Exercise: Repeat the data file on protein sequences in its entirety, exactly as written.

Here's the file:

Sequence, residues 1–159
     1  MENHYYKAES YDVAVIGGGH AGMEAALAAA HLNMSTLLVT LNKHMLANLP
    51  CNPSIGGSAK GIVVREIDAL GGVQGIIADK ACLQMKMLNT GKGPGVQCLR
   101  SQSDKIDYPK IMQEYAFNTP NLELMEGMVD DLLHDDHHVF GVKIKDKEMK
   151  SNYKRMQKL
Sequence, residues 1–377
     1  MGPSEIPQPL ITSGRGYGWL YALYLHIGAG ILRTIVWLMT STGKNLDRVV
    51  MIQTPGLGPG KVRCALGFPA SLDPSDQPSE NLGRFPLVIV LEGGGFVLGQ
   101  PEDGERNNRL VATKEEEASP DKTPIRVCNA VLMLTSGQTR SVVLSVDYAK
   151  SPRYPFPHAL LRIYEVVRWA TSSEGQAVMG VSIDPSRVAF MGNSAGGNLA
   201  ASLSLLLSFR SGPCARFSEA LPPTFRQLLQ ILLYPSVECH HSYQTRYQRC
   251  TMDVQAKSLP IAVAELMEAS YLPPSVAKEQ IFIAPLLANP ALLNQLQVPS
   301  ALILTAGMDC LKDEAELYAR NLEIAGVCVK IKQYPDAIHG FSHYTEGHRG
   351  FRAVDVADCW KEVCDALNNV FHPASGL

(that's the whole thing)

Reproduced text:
Sequence, residues 1–159
     1  MENHYYKAES YDVAVIGGGH AGMEAALAAA HLNMSTLLVT LNKHMLANLP
    51  CNPSIGGSAK GIVVREIDAL GGVQGIIADK ACLQMKMLNT GKGPGVQCLR
   101  SQSDKIDYPK IMQEYAFNTP NLELMEGMVD DLLHDDHHVF GVKIKDKEMK
   151  SNYKRMQKL
Sequence, residues 1–377
     1  MGPSEIPQPL ITSGRGYGWL YALYLHIGAG ILRTIVWLMT STGKNLDRVV
    51  MIQTPGLGPG KVRCALGFPA SLDPSDQPSE NLGRFPLVIV LEGGGFVLGQ
   101  PEDGERNNRL VATKEEEASP DKTPIRVCNA VLMLTSGQTR SVVLSVDYAK
   151  SPRYPFPHAL LRIYEVVRWA TSSEGQAVMG VSIDPSRVAF MGNSAGGNLA
   201  ASLSLLLSFR SGPCARFSEA LPPTFRQLLQ ILLYPSVECH HSYQTRYQRC
   251  TMDVQAKSLP IAVAELMEAS YLPPSVAKEQ IFIAPLLANP ALLNQLQVPS
   301  ALILTAGMDC LKDEAELYAR NLEIAGVCVK IKQYPDAIHG FSHYTEGHRG
   351  FRAVDVADCW KEVCDALNNV FHPASGL